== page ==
We have been having a great time with our friends over at the REBT-CBT Forum discussing the timeless question, What is the Purpose of Life? Actually, REBT has quite a bit to say about this, but I fear that what it has to say is not very satisfying to those who raise the question! Click the blue link below to read my take and to jon the discussion.
While I think this is a valid existential, philosophical and theological question, I don’t pretend to know the answer. And while the question may sometimes be valid, I think that often it is simply “depression-speak.” An individual feels disconnected, without direction, meaning or purpose. Then the unhealthily rumination over the question which is not really a question, but rather a resonating re-statement of a the distorted conclusion the person has already arrived at. Namely that Life has no purpose!” It is a odd game, the cognitive equivalent of “Russian Roulette,” which like an echo chamber, simply amplifies and reinforces the depression. I am not saying that this (and this type) of question is always a symptom of depression . . . but often it is, especially of it is ruminating, intrusive and/or obsessive.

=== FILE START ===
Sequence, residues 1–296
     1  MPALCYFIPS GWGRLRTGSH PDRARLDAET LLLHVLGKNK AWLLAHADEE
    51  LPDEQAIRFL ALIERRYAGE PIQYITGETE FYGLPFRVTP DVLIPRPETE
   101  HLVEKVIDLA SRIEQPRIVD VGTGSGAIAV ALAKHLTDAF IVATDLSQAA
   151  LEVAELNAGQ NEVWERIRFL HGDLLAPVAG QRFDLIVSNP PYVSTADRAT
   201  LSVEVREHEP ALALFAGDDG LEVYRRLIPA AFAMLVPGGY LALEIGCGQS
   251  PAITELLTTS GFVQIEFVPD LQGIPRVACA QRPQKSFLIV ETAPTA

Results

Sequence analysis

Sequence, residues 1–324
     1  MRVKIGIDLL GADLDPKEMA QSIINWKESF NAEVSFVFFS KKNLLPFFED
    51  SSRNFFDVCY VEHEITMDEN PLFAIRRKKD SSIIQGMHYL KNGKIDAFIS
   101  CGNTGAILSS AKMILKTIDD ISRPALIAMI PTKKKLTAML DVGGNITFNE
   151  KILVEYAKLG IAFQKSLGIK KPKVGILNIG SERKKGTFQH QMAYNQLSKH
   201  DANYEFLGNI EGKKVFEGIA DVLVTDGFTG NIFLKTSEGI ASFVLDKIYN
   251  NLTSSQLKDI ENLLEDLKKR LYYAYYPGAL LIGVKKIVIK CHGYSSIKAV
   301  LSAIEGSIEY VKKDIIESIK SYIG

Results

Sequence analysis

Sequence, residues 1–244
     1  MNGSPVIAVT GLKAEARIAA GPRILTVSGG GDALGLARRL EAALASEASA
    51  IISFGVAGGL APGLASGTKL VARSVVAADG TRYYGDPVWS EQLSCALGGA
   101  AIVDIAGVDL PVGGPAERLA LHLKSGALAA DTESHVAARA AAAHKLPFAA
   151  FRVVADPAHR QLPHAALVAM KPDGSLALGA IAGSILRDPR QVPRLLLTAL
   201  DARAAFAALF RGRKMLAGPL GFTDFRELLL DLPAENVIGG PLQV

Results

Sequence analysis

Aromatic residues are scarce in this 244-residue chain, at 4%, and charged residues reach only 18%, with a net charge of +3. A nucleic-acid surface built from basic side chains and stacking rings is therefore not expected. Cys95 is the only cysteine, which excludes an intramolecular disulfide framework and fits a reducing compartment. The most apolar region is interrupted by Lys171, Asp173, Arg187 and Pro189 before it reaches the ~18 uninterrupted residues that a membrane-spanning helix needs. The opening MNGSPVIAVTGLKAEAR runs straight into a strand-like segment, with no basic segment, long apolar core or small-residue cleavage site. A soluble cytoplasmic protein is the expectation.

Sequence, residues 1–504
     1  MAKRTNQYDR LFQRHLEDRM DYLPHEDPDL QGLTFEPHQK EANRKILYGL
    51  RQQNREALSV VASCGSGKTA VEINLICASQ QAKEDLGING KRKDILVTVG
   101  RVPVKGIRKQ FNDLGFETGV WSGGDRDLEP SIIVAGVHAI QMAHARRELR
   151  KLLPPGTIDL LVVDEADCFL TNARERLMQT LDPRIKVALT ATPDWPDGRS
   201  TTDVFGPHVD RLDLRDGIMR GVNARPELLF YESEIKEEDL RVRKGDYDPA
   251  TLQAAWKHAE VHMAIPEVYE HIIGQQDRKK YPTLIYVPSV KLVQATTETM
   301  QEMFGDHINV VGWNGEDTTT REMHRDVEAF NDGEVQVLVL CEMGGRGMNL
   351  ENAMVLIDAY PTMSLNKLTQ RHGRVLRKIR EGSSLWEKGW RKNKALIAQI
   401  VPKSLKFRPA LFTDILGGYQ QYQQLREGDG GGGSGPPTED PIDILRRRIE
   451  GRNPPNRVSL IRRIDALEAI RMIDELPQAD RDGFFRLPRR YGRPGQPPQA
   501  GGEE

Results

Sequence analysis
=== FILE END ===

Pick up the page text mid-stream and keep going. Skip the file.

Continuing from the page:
This question can only be valid if one starts from the premise that the idea or theory of purpose that exists outside of our awareness and consciousness is a valid one. There is no compelling evidence that I am aware of that it is. Of course, people have strong opinions about it which they are entitled to. So called “Creationists” point to a perceived order and complexity to the universe and to life and conclude that, therefore, it must be the product of an “intelligent design,” and therefore an intelligent designer. That is an interesting theory, but it is not evidence of anything one way or the other, except that some people (strongly) believe that perceived order and complexity must axiomatically be purposeful. Once again, people are entitled to their beliefs and opinions. However, if you really want to escape from this gloomy trap of the dog endlessly chasing his own tail around in circles, continue reading.
To put it another way, people who are happy, fulfilled, fruitfully involved in some interesting personal pursuits, supported by loving and nourishing relationships, rarely spend much time worrying about the “Purpose of Life.” Those few who do are called philosophers, and I have no beef that or with them, except to observe that the 20th Century sure produced a bunch of gloomy, grumpy philosophers!
I agree with what others have expressed her better than I. The REBT solution to this conundrum is to infuse your life with meaning and purpose by engaging in meaningful activities, ones which bring you a sense of purpose. It is as simple as that, really. It is no wonder that one of the ancient, traditional ways of counteracting depression, and still one of the most effective, is to go out and do some service or volunteer work, something that gets you “outside” of your self.
What do you think?